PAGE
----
See: The Nexus Report: Nature Based Solutions to the Biodiversity and Climate Crisis commissioned by the Wyss Campaign for Nature (US) and the Society of Entrepreneurs and Ecology (China), which strongly emphasizes the importance of primary forests.

The European Union’s New Biodiversity Strategy Calls for Protection of Europe’s Remaining Primary Forests!

Our close working partner Wild Europe (Cyril Kormos sits on the Wild Europe Executive Committee) was instrumental in bringing about a new policy in Europe calling for protection of remaining primary forests in Europe. Sadly little primary forest remains – the goal now is to ensure that the little that remains is strictly protected, and that ecological restoration occurs around these remaining fragments to buffer and reconnect them and rebuild larger and more robust forest ecosystems.

IUCN Primary Forest Policy

Wild Heritage Executive Director Cyril Kormos is a member of the IUCN Primary Forest Task Team which drafted an IUCN primary forest policy that will guide IUCN’s 1,300 organizational members and 13,000 volunteer IUCN Commission experts in their work. Cyril is now leading the process to develop a guidance document to supplement the new policy. See IUCN’s Crossroads blog, IUCN’s Primary Forest Policy and IUCN’s Story Map 

Convention on Biological Diversity

Wild Heritage advocates for making primary forests a key focus area in the work of the UN Convention on Biological Diversity (CBD).

WE MADE MAJOR BREAKTHROUGHS AT CBD COP14 in December 2018! Never before has the CBD recognized the critical importance of primary forests and ecosystem integrity in its decisions. But it does now!

Read decisions 14/5 and 14/30 or see excerpts below:

Decision 14/5 calls for strengthening “ecosystem integrity for the conservation of natural ecosystems” and encourages Parties “to integrate climate change issues and related national priorities into national biodiversity strategies and action plans and to integrate biodiversity and ecosystem integrity considerations into national policies, strategies and plans on climate change, such as nationally determined contributions, as appropriate, and national climate change adaptation planning, in their capacity as national instruments for the prioritization of actions for mitigation and adaptation. Decision 14/5 also calls on the Executive Secretary of the Convention “to develop targeted messaging on how biodiversity and ecosystem integrity, functions and services contribute to tackle the challenges of climate change”.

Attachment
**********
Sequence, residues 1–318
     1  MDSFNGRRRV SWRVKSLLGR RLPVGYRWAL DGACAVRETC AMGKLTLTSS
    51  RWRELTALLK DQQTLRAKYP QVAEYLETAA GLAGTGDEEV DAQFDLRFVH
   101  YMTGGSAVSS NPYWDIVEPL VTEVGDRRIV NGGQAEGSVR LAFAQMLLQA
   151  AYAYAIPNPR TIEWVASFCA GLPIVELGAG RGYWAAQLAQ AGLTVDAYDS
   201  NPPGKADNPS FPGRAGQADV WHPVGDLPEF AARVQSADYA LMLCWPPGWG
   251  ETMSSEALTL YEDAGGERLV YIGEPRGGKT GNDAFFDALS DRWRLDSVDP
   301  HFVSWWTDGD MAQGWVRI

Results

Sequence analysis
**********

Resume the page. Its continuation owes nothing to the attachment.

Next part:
Decision 14/30 recognizes “the efforts made to improve the consistency of reporting on national data on primary forest area reported under the Global Forest Resources Assessment of the Food and Agriculture Organization of the United Nations, considering the exceptional importance of primary forest for biodiversity conservation,” and the need achieve forest-related Aichi Biodiversity Targets, “in a mutually supportive manner, primarily with regard to (a) the reduction of deforestation and forest degradation, (b) forest restoration and (c) the urgent necessity to avoid major fragmentation, damage and loss of primary forests of the planet.

UNFCCC and Ecosystem Integrity

 Wild Heritage is working with partners (in particular the Australian Rainforest Conservation Society) to raise awareness of the importance of primary forests in the climate convention. The latest breakthrough came last year via a UNFCCC decision at COP 25 with language endorsing the need to address biodiversity and climate change together:

1/CP.25 para 15. “ Underlines the essential contribution of nature to addressing climate change and its impacts and the need to address biodiversity loss and climate change in an integrated manner;”


Help restore degraded lands and manage wildland fires safely!

Help restore degraded lands and manage wildland fires safely!